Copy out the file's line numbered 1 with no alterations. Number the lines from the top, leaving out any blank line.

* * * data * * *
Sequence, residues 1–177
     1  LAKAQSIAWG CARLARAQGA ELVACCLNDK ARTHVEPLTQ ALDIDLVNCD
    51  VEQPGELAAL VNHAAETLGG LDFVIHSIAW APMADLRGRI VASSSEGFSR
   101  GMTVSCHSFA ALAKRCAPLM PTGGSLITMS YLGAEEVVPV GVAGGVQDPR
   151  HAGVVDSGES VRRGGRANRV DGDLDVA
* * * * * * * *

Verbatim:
Sequence, residues 1–177